Joyce E. PENNER, Petitioner and Appellant, v. COUNTY OF SANTA BARBARA, Kenneth Pettit, Respondents.
Joyce E. Penner appeals from a summary judgment granted to the County of Santa Barbara (County) in this action for a property tax refund. After Penner transferred real estate to a limited partnership wholly owned by herself and her adult children, the County issued a supplemental assessment increasing the property's assessed value from $337,276 to $2,300,000. She argues that the reassessment violates California Constitution, article XIIIA, section 2, subdivision (h) (hereafter, section 2(h)), which provides an exemption from reassessment for certain transfers of real property “․ between parents and their children, as defined by the Legislature․” The County argued, and the trial court ruled, that the transfer was not exempt because Penner transferred the property to a partnership and not directly to her children. We affirm.
In May 1990, Penner and her son Stephen formed a limited partnership, Estrella Del Mar, Ltd., for the purpose of developing a three-acre parcel of land owned by Penner. Stephen was the general partner. Penner and her other children were the limited partners.
The partnership agreement provided that Penner would contribute the property, pay $123,500 in “debt service currently existing against the ․ property,” and remain liable for any depreciation and operating losses suffered by the partnership. In exchange, Penner received the majority of the limited partnership interests and a share of the partnership's net profits. After the property was developed and sold, Penner would receive proceeds equivalent to the appraised value of the property before its development.
In December 1990, Penner deeded the property to the partnership. She then assigned to each of her four adult children a small percentage of her limited partnership interests.
The County assessor determined that the transfer constituted a change in ownership of the property. Accordingly, on June 10, 1991, the assessor made a supplemental assessment of the property, increasing its value for property tax purposes from $337,276 to $2,300,000.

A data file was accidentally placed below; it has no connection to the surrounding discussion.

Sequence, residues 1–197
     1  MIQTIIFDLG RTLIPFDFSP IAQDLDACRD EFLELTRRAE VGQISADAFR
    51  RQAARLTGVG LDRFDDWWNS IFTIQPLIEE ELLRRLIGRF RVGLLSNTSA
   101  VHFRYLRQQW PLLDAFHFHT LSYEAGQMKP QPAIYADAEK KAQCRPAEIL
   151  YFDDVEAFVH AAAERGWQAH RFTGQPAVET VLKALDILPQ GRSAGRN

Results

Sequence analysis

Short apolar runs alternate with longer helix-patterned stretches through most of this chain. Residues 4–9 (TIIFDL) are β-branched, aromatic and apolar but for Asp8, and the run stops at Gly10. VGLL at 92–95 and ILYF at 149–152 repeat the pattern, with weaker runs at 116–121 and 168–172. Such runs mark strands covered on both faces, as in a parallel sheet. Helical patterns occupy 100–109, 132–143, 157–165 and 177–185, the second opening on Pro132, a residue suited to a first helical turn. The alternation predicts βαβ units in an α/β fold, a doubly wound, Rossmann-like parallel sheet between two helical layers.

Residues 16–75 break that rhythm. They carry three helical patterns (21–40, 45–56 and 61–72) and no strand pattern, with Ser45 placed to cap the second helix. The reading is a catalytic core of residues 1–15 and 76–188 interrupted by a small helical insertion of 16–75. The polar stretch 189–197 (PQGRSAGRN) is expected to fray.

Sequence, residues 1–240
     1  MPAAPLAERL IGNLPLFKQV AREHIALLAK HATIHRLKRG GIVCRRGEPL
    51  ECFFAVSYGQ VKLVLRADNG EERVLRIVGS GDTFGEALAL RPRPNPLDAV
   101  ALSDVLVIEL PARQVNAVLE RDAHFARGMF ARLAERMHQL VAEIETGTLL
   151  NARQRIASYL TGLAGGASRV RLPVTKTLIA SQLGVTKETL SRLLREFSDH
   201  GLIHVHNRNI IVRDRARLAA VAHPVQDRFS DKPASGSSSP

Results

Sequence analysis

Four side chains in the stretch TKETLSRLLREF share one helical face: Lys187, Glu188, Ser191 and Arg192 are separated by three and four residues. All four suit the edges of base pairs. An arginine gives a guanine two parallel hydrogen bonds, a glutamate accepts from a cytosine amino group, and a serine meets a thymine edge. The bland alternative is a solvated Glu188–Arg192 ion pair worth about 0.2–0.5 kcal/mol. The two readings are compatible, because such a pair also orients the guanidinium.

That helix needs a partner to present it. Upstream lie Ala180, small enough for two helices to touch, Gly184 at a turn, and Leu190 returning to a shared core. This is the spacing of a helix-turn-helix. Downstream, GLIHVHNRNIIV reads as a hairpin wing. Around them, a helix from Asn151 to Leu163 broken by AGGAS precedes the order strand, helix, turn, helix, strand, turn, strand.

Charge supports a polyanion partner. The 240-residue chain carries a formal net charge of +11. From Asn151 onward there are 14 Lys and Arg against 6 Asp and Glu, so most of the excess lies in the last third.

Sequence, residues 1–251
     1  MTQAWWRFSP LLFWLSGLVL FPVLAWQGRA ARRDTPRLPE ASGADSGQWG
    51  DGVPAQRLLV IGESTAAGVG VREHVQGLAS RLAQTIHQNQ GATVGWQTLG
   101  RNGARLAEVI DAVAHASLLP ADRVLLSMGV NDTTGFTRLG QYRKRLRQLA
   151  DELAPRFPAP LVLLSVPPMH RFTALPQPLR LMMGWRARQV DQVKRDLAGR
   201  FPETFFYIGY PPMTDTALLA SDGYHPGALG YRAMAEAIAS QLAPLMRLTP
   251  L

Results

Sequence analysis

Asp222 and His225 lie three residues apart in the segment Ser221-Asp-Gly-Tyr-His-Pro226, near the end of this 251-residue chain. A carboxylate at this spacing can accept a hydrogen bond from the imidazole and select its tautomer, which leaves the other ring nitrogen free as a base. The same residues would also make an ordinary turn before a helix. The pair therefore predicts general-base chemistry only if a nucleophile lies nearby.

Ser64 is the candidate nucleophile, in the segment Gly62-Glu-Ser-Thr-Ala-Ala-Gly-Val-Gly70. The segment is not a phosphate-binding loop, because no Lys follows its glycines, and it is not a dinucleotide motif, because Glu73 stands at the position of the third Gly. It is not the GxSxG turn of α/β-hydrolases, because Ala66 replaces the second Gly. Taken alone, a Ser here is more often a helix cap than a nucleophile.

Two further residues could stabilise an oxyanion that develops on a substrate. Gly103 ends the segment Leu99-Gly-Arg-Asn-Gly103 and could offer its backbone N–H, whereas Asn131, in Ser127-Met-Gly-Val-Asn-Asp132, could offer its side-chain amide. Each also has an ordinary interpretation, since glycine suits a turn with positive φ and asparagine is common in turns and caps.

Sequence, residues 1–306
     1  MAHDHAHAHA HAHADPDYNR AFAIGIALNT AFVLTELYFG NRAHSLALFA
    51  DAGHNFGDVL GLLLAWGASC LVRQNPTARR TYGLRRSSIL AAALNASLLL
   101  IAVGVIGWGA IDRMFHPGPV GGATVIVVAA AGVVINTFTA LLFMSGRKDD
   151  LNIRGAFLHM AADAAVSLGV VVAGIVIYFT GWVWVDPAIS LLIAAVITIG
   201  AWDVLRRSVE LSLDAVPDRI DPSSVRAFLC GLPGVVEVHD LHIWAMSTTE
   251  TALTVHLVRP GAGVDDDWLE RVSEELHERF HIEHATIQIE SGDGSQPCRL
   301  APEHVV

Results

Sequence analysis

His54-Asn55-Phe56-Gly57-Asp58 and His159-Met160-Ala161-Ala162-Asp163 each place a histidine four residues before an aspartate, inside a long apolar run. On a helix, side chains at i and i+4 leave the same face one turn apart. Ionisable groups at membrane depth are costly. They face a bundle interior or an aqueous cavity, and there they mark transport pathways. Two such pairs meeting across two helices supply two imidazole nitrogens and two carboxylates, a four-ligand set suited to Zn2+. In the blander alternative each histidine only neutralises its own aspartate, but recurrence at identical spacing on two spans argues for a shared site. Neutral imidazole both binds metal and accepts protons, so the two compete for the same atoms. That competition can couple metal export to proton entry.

Penner filed a “Claim for Parent/Child Exclusion” with the County, arguing that the December 1990 transfer was a transfer between a parent and her children which was exempt from reassessment under section 2(h). The County assessor denied her claim. Penner's application for a changed assessment was denied by the Assessment Appeals Board for reasons not relevant to this appeal. Penner paid the taxes and filed this action for a refund.
The trial court elected to treat the County's demurrer and Penner's opposition as cross motions for summary judgment and granted judgment in favor of the County. It determined that the section 2(h) exemption did not apply to transfers between a parent and a partnership composed of the parent's children because the Legislature, in section 63.1 of the Revenue and Taxation Code, had unambiguously defined the term “children” to include only natural persons. The trial court rejected Penner's argument that the transaction was exempt because its end result was to transfer ownership of the property from herself to her children. It concluded instead that the use of the limited partnership could not be ignored because Penner probably could not have transferred the property directly to her children and achieved the division of profits, insulation from liability, and other advantages attributable to the limited partnership structure.
The parties agree that this appeal presents a question of first impression: whether the exemption provided by section 2(h) applies to a transfer of real property by a parent to a limited partnership wholly owned by the parent and the parent's children. Penner argues that the exemption applies because section 2(h) was intended to protect from reassessment the transfer of real property between parents and children and that is exactly what her transaction accomplished. The County argues that the exemption does not apply because the partnership is not a child within the meaning of section 2(h) or Revenue and Taxation Code section 63.1.
Standard of Review
The question whether this transfer qualifies for the section 2(h) exemption is a question of law. (Shuwa Investments Corp. v. County of Los Angeles (1991) 1 Cal.App.4th 1635, 1644, 2 Cal.Rptr.2d 783.) We independently review the trial court's legal conclusions. (Pueblos Del Rio South v. City of San Diego (1989) 209 Cal.App.3d 893, 899, 257 Cal.Rptr. 578.)
Constitutional and Statutory Framework
Article XIIIA, section 1 of the California Constitution limits the maximum amount of any ad valorem tax on real property to one percent of the full cash value of that property. The “full cash value” of real property is either its assessed value as shown on the 1975–1976 tax bill or its “appraised value ․ when purchased, newly constructed, or a change in ownership has occurred after the 1975 assessment.” (Cal. Const., art. XIIIA § 2, subd. (a).)
Section 2(h) was added to article XIIIA in November 1986, when the voters approved Proposition 58. (See Larson v. Duca (1989) 213 Cal.App.3d 324, 328, 261 Cal.Rptr. 559.) It provides that the terms “purchase” and “change in ownership” do not include “․ the purchase or transfer of the principal residence of the transferor in the case of a purchase or transfer between parents and their children, as defined by the Legislature, and the purchase or transfer of the first $1,000,000 of the full cash value of all other real property between parents and their children, as defined by the Legislature.” (Cal. Const., art. XIIIA, § 2, subd. (h)(1).)